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Arthur Symons (1865 - 1945)

Lifespan: 1865 - 1945

Related: poetry - Symbolist literature - Symbolist movement

"Born under the influence of passionate and perverse stars, my life has been utterly unlike that of any man I have ever known." - Arthur Symons


Arthur William Symons (February 28, 1865 - January 22, 1945), was a British poet and critic. --http://en.wikipedia.org/wiki/Arthur_Symons [Jun 2006]

The Symbolist Movement in Literature (1899) - Arthur Symons

The Symbolist Movement in Literature (1899) - Arthur Symons [Amazon.com] [FR] [DE] [UK]

Book Description
Without symbolism there can be no literature; indeed, not even language. Words themselves are symbols. Symbolism began with the first words uttered by the first man as he named every living thing. In a symbol there is concealment, yet revelation. All of these have greatly contributed to our understanding of symbolism. Contents: Gerard de Nerval; Villiers de L'isle Adam; Arthur Rimbaud; Paul Verlaine; Jules Laforgue; Stephane Mallarme; The Later Huysmans; Maeterlinck as a Mystic. Essays by: Balzac; Prosper Merimee; Theophile Gautier; Gustave Flaubert; Charles Baudelaire; Edmond and Jules de Goncourt; Leon Cladel; A Note on Zola's Method.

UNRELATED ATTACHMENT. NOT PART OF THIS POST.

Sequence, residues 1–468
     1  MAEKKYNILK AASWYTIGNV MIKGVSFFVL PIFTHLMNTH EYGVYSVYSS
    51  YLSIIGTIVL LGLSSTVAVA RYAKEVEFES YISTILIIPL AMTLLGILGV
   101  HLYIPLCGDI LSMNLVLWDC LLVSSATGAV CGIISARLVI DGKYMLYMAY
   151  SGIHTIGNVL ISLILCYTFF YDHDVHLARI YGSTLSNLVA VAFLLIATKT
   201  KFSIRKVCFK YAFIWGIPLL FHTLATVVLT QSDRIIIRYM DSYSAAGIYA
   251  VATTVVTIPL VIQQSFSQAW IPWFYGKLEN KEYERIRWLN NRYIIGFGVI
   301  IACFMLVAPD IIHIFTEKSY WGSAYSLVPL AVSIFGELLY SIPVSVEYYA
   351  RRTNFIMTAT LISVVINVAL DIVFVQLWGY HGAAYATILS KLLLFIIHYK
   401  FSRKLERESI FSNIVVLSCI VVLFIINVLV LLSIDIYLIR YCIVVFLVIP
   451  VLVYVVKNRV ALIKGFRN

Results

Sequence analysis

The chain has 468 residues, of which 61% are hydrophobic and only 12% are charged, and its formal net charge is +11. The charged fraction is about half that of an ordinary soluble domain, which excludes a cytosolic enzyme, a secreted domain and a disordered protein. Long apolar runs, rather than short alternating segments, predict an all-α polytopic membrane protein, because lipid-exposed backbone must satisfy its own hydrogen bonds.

During its peak in England, Decadence had become almost synonymous with Symbolist writing. Symons's book The Symbolist Movement in Literature (1899) had originally been advertised as The Decadent Movement in Literature. He had also published an essay entitled "The Decadent Movement in Literature" in Harper's New Monthly Magazine in 1893. --http://www.glbtq.com/literature/decadence,5.html [Jun 2006]

Symons on Huysmans' style
Barbaric in its profusion, violent in its emphasis, wearying in its splendor, it is - especially in regard to things seen - extraordinarily expressive, with all the shades of a painter's palette. Elaborately and deliberately perverse, it is in its very perversity that Huysmans' work - so fascinating, so repellent, so instinctively artificial - comes to represent, as the work of no other writer can be said to do, the main tendencies, the chief results, of the Decadent movement in literature. (Arthur Symons, "The Decadent Movement in Literature", 1993)

See also: 1899 - Symbolist literature

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